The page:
The Remarkable Vieuxby Ts'eliso Monaheng / Images by pop skiet / 22.01.2013
After driving past a total of five car accidents on the highway, then getting harassed by Newtown car guards who descend upon you like minions from hell, and having to fork out half of the amount required for parking space that was unsolicited to begin with, we finally make it into the Bassline. There are claps after every song. When the venue is full, and you are late, and there are claps after every song, then there is serious reason to be pissed off.
But my self-inflicted bad mood fizzles out and crumbles in a few moments; maybe it is Boureima “Vieux” Farka Touré’s fuzzy guitar licks, maybe it is the space I have chosen to stand in – right at the back, just by the entrance. Maybe missing Bongeziwe’s set was the universe’s reversal of the phrase: “after laughter comes tears”, wherein the ‘tears’ resemble missing who I primarily came to see, while the ‘laughter’ represents the resolve as Vieux and co. brought the Afrika out of everyone in attendance with their unbelievably groovy beats.
Which is counter-intuitive since the band does not do much on stage. They are really good at playing their instruments, yes, but there is no relentless dancing a la zouk or afrobeat musicians with a troupe of back-up dancers, for instance. Nor are there any flashy backdrops or misplaced video projections, just five gentlemen on stage with a very considered and deliberately visceral approach to their craft.
I am not familiar with Vieux’s music, hence I came here with absolutely no expectations. Various descriptors have been attached to what he does, ‘Desert Blues’ being perhaps the most widely-used. But what does that mean? In an interview, he offered this explanation: “The sound of our blues is dry like the Sahara, but it’s the vast open space that shapes the desert blues. For me it will always be the music of openness.”
Tonight, Jozi experiences the full wrath of a man whose father initially wanted to enlist in the military, a man who started out as a percussionist, a being struggling to overcome the shadow cast on him by two legends: his father, Ali, and his mentor, Toumani Diabaté. Whilst Vieux’s sound still possesses hints of his father’s influence, one gets a strong sense of yearning to veer in a diametrically opposite direction, to ‘break away’ and blaze his own trail. Over the course of four studio albums (the latest is a collaboration between himself and Idan Raichel), it can arguably be said that Vieux is charting the right course.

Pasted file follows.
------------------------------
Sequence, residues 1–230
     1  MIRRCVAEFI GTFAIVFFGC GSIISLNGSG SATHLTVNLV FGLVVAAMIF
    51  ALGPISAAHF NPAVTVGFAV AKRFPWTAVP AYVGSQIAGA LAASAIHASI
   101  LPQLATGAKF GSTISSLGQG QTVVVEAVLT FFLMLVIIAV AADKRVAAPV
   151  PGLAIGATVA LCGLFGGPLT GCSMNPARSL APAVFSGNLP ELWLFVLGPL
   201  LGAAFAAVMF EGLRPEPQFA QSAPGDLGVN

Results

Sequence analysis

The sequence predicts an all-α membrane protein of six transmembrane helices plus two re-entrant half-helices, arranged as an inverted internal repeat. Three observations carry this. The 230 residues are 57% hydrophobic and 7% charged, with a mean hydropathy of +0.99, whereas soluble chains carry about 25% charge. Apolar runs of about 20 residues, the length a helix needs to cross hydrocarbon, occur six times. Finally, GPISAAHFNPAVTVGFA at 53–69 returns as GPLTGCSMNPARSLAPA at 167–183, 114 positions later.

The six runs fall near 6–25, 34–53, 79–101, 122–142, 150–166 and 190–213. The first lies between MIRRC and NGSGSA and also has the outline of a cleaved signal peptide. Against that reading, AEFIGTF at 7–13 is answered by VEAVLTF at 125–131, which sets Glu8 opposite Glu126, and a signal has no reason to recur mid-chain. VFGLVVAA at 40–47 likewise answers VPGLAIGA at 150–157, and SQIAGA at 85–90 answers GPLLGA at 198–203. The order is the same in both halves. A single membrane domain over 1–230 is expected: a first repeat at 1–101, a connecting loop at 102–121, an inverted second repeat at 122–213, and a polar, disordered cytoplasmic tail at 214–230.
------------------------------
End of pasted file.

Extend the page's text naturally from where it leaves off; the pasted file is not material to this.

Vieux points the mic in the audience’s direction, encourages participation whenever the song calls for it, and joins the three individuals who ascended the stage to have a jam. There are no airs about what they do; any pretence is cast aside by the pure, unrelenting energy and positivity emanating from the stage. And right at the tail-end, during the encore, the band bring Bongeziwe Mabandla on. He is awe-struck, suspended in motion and time, struggling to make sense of the space he finds himself drawn into. When his turn comes to sing, he utters a few words before his voice gets drowned out by the shouts of encouragement, by demonstrations of appreciation. Why he isn’t touring consistently is beyond me.
Tonight, the Bassline witnessed a macabre pairing: Hendrix of the Sahara, along with Mzansi’s own Bongeziwe Mabandla. One, the son of world-renowned legend from a country grappling with the perils of an insurgency; the other, a native of the Eastern Cape, part and parcel of a country grappling with its own version of an insurgency in the form of a government intent on fucking its citizens at every juncture. So after the show ended, and with the echoes of the final song threatening to engulf my thoughts (“heeey-ay-yay-yay-ya”), I posed a few questions to Vieux:
Mahala: How has the political upheaval in Mali affected the music?
Vieux Farka Touré: We have many problems with the rebellion Tuareg. But I think we are going to be better because it’s not all the Tuaregs. It’s just some bandits who cause problems. But I’m not very happy with the situation. Now all the world knows about Mali, and they try to help all people; I think it’s very good.
Do you think there is fair and unbiased reporting on the situation on the ground from big media outlets?
They are. I’m just saying they have to report [on] all the people. The media have a very big responsibility [to do] this. We have to let the people know what’s happening in Mali, what they have to do, and why they have to help the people of Mali.
How would you compare the energy here at the Bassline to the energy at a something like the Festival du Desert in Tomboctou, for instance?
When the people come to see you, you have to give them what you have. It’s very important to give all your power for the people.
So what message are you communicating through your music?
It’s union, peace, and love the most.
*All images © pop skiet.